Written by Jesse Allen, EO data visualizer…
Recently while doing something work-related (yes, really!), I stumbled upon a fascinating story. I found the Gates of Hell.
It turns out that they are in Turkmenistan. They were built — in a manner of speaking — by the former Soviet Union in 1971.
In 1971, Turkmenistan was a part of the Soviet Union. Not far from the village of Derweze (in Russian, it is Darvaza), a Soviet drilling rig hit an underground cavern, which subsequently collapsed and formed a deep pit, almost a hundred meters across. It was spewing toxic gases.
In order to contain the hazard, the gases were set alight, with the expectation that the gas would burn off in a few days. A few decades later, though, the pit is still on fire.
Natural gas continues to seep into the crater at a significant rate, sufficient to keep the lights on much the same today as when the match got tossed in (figuratively speaking). The Darvaza Gas Crater has since come to be nicknamed The Gates of Hell, and it has proven an unlikely and unusual tourist destination in the midst of the Kara-Kum Desert. Every desert really needs gas heat, after all.
Some have written and railed about what an environmental travesty it is to have all of that natural gas burning off. And certainly 40 years of open fossil fuel burning seems like no minor matter. But a little perspective is in order. It is worth pointing out that the Gates may well be no more dramatic than a single large gas-fired (or perhaps a moderate coal-fired) power plant, of which there are a great many in operation for 40 years or more around the world.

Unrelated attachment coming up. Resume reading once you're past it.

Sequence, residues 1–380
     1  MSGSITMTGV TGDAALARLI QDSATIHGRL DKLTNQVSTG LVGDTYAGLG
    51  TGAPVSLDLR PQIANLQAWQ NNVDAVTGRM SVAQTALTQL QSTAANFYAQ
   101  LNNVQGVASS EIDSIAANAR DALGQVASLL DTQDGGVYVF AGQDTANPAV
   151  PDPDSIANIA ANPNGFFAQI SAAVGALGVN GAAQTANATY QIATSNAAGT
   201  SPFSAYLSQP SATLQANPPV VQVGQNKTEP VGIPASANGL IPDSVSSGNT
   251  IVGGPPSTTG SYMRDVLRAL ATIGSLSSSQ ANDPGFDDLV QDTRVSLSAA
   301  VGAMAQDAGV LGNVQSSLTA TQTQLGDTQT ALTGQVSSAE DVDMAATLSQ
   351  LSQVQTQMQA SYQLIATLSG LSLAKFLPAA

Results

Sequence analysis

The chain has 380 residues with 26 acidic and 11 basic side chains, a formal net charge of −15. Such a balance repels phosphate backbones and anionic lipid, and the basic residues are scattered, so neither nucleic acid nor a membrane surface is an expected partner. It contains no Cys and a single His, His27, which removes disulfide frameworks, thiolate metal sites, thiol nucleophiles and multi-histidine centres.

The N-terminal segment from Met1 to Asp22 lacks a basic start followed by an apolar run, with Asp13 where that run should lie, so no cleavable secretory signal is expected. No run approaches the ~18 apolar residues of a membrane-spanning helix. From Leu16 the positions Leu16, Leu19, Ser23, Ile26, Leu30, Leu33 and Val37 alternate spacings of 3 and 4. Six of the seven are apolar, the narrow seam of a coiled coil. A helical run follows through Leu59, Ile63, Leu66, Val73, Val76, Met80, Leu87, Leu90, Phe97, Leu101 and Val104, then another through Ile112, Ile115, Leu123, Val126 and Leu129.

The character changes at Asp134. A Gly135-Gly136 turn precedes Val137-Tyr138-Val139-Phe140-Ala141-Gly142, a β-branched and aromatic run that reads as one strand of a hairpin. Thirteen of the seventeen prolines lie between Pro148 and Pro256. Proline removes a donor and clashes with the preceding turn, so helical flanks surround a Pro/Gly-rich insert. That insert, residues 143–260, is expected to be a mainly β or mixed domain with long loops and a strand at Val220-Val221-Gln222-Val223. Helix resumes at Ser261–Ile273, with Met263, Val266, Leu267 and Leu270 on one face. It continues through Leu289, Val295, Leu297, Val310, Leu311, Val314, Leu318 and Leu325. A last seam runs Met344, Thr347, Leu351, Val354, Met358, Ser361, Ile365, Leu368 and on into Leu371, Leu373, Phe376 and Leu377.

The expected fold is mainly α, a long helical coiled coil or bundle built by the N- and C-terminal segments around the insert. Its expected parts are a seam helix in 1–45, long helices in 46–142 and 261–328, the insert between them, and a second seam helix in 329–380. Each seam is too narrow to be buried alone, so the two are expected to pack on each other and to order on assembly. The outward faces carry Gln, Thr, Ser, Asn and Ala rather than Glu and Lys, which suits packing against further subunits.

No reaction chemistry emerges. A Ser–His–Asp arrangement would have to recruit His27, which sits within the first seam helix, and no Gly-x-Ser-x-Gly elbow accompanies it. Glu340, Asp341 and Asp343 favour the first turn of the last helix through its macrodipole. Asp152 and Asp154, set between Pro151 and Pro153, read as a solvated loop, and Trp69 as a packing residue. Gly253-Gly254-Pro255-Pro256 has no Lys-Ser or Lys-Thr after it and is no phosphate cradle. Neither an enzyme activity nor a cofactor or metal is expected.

The pit might also be compared to any of a number of natural features, such as active volcanoes. There’s a constantly molten pit of lava emitting hot, toxic gases at the summit of Nyiragongo, for example, and it’s just as dramatic (maybe more) as the Gates of Hell.
Industrial accidents, malicious intent, and even natural events have lit fires that have burned for comparable periods elsewhere. Centralia, Pennsylvania, had to be permanently evacuated, for example, after a 1962 trash fire reached an underground coal seam that has been burning ever since. (Poisonious carbon monoxide still seeps out of the ground.) Retreating Nazi sailors set the Mine #2 alight near Longyearbyen in Norway’s Spitbergen Island in 1944, and that fire burned for some 20 years. Wikipedia offers a whole catalog of coal seam fires, some of which have been burning for a century or longer!
It’s hard to know when, or even if, the Darvaza Gas Crater might go out. But what I do know is that the Gates of Hell are not so interesting from a satellite perspective. The 100-meter-wide crater is certainly discernable in the moderately high resolution Advanced Land Imager (image above), and infrared emissions show heat coming from the flames.
But who knew the Gates of Hell would turn out to look, well, boring?